Panama, Cameron and tax returns

It is the received wisdom that the leaking of the Panama Papers triggered the Prime Minister’s worst week since he took office. From his personal point of view, that may well be true: having the media trying to dig into your family’s tax arrangements is not a pleasant experience, as I can attest. But politically, how much has really changed since open season was declared on the Camerons’ financial affairs?

As so often, it is worth remembering that most people have better things to do than follow the minutiae of political coverage. Nothing very important gets past the voters, but they have a knack of getting straight to the point. The Cameron tax story, then, boils down to three essential elements.

First, the Camerons are rich. (To anyone who did not know this already – a Peruvian goatherd, perhaps, or a hermit – the last week’s news will have come as quite a revelation.) Second, they may have taken some steps to avoid paying any more tax than they had to. Third, nothing they did was against the law.

For some people, the question of legality is beside the point. They will see the episode as further proof that the system works for the wealthy, who take care to arrange things to their advantage while claiming that we are all in it together. Legal obligations are one thing, they argue, but moral responsibilities are another. This is a widespread view, even among people who have pensions and ISAs and enjoy duty-free shopping. But how many of them now have a different opinion of David Cameron from the one they had before Mossack Fonseca received all their unexpected publicity?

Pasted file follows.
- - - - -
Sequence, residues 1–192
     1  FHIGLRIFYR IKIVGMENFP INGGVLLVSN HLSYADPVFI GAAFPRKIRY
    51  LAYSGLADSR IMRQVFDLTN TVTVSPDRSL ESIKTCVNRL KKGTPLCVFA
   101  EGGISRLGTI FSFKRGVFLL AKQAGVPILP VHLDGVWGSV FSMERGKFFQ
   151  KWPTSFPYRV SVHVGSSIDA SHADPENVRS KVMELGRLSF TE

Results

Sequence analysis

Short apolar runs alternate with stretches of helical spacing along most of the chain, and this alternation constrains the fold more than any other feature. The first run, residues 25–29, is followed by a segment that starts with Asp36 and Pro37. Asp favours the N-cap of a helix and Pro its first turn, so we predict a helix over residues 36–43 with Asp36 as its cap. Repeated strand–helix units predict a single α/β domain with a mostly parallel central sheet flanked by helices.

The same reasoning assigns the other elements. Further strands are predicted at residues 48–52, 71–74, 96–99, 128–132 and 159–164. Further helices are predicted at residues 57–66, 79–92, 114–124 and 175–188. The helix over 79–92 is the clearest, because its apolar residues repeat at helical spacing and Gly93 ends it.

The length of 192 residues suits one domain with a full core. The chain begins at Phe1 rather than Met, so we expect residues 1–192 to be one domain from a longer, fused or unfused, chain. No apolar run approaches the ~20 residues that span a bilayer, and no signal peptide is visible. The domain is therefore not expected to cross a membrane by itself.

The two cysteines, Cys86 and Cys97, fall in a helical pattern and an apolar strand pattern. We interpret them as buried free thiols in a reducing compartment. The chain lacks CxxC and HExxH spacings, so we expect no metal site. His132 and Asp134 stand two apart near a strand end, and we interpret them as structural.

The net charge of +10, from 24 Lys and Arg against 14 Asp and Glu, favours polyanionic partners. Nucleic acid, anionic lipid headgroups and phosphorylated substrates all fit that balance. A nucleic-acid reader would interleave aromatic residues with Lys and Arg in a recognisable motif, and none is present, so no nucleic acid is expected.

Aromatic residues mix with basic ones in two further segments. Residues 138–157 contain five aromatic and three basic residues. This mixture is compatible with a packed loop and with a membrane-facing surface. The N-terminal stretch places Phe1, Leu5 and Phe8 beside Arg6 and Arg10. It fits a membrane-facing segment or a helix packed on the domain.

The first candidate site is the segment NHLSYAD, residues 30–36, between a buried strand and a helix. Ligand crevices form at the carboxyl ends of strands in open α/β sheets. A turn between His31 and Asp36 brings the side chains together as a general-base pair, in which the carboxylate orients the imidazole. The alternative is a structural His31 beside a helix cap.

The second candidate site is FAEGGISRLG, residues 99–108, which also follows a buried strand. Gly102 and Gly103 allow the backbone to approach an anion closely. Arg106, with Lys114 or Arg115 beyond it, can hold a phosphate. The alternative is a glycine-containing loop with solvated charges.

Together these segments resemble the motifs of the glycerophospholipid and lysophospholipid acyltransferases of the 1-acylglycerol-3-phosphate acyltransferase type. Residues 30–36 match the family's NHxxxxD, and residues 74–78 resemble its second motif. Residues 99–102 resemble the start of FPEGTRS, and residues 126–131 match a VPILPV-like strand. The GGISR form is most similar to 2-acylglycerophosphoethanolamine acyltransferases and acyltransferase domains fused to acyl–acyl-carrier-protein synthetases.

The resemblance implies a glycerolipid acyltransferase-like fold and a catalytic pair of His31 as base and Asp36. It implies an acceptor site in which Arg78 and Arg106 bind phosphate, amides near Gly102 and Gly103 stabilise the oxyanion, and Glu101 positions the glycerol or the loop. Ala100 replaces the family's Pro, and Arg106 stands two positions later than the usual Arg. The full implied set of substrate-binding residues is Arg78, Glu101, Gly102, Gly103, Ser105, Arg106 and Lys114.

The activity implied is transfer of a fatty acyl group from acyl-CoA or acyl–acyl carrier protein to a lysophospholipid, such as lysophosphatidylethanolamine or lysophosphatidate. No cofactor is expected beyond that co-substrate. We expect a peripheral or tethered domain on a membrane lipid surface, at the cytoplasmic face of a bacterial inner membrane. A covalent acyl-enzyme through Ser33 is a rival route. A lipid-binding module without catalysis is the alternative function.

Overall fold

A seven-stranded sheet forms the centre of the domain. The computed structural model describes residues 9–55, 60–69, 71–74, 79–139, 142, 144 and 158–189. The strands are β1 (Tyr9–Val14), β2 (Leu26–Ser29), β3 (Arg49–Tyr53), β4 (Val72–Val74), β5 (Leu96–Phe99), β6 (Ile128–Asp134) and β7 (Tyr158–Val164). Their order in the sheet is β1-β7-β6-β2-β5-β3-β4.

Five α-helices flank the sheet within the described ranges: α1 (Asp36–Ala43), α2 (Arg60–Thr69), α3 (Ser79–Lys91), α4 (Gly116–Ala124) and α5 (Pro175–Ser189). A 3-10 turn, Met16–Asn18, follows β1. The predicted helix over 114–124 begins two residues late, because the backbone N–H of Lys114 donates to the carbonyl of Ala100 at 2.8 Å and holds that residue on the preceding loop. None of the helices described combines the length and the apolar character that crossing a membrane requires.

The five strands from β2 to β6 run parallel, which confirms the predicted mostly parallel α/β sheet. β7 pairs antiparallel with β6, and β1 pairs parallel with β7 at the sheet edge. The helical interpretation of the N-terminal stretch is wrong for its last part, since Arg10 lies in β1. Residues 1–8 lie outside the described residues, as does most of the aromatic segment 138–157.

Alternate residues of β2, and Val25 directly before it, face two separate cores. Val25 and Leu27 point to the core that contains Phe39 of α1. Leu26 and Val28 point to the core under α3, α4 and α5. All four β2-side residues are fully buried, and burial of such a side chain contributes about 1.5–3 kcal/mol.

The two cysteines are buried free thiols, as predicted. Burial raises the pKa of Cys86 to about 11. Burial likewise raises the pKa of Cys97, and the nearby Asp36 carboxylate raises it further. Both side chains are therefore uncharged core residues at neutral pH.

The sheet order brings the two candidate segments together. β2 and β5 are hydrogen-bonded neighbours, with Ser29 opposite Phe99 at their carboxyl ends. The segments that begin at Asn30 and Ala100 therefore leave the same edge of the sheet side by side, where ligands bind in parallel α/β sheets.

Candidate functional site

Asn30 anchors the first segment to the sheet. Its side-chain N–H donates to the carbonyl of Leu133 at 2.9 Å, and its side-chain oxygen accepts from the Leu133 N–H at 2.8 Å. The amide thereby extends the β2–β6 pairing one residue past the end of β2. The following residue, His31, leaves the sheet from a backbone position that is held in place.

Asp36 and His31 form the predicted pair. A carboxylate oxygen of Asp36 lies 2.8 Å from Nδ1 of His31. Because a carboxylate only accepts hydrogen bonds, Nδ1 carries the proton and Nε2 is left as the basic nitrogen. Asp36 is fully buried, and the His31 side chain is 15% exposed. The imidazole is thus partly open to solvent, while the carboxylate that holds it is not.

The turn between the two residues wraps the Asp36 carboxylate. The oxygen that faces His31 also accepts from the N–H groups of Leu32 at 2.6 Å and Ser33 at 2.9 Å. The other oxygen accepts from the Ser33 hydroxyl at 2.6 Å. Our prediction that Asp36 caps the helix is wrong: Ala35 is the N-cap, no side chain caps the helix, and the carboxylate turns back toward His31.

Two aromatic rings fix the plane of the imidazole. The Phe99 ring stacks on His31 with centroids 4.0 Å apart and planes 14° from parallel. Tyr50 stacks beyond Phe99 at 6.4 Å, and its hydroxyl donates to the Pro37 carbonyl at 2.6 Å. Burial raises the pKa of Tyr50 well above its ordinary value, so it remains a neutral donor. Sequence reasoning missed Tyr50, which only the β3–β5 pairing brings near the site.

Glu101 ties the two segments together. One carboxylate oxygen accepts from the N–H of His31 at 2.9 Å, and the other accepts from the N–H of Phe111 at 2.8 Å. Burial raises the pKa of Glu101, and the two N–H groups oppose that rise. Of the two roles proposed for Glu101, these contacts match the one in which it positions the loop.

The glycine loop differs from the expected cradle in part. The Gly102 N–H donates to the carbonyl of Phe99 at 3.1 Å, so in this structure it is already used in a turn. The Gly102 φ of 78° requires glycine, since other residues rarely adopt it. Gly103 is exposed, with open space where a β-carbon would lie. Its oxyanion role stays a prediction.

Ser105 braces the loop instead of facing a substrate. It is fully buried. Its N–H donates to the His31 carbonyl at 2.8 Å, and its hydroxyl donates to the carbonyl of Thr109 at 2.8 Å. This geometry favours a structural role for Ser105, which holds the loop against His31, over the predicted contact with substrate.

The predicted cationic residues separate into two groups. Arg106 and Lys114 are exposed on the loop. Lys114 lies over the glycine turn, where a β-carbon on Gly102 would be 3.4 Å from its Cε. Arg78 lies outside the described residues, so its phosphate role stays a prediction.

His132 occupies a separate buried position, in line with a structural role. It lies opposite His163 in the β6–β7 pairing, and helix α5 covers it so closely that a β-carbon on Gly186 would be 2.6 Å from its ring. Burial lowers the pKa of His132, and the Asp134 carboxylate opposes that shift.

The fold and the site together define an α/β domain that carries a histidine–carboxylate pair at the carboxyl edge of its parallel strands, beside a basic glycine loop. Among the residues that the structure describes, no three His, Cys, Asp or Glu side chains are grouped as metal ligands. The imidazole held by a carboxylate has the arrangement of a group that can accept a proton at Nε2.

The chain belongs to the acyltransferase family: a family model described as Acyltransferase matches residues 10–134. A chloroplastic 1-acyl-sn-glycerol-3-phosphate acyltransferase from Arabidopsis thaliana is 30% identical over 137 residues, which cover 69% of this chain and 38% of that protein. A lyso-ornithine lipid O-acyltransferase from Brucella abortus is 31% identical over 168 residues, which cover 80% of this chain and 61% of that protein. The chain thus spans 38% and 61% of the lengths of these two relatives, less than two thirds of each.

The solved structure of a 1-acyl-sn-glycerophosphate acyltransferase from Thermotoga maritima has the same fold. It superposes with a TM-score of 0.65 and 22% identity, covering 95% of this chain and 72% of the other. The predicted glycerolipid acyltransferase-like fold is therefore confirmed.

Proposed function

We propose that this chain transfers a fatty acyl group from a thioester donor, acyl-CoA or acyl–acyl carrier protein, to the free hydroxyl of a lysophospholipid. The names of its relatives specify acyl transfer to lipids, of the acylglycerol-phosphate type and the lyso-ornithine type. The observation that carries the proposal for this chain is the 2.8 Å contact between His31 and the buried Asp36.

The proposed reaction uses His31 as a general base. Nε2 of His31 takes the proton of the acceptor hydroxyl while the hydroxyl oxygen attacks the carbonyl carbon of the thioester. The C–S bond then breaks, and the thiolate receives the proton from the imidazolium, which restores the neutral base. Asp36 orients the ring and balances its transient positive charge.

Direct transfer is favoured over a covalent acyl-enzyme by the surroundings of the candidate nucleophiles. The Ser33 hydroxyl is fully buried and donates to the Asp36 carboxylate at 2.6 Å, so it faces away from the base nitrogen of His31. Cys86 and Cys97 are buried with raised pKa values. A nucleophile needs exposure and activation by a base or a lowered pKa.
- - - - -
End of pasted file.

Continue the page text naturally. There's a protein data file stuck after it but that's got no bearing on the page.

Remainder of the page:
For (I suspect) rather more people, stories like this are a sideshow. As I noted in The Unexpected Mandate, my review of the 2015 election drawing on my research throughout the last parliament, Cameron’s wealth has only really counted against him with those already least inclined to vote Tory.

There were three reasons why his poshness was not more electorally damaging: for one thing, as far as many voters were concerned, there was little to choose between the backgrounds of Cameron and his opponents, and much of the rest of the political class. Next, people related to Cameron more naturally than they did to other leaders, especially Ed Miliband. Finally, and crucially, when it came to the attributes needed to do the job, Cameron retained a commanding lead over his rivals – and there is no reason to think people’s calculation would be any different with the current contenders. By a wide margin, Conservative voters also accepted the need for further austerity, irrespective of the wealth of those who would implement it.

None of this is to say that the Tories don’t have more to do to persuade sceptical voters, including some who voted for the party last year, that it is really on their side. Nor does it mean the story could not have been handled better, as Cameron has readily admitted. But I doubt very much that many people think differently about the PM or his party from the way they did ten days ago.

Yet it would not be quite true to say that nothing has changed. I see why Cameron, and then George Osborne and Jeremy Corbyn, felt the need to publish their tax returns, but the precedent that has now been set could do more harm than good. If this becomes a standard requirement for Ministers, then MPs and candidates, it will deter capable people who might otherwise think about standing for office – not just those who have made some money, but anyone who thinks that opening their family finances for all to see is an intrusion too far. If the problem is that our rulers live in a different world from the ruled, the solution is surely not to come up with a new way to put normal people off entering politics.

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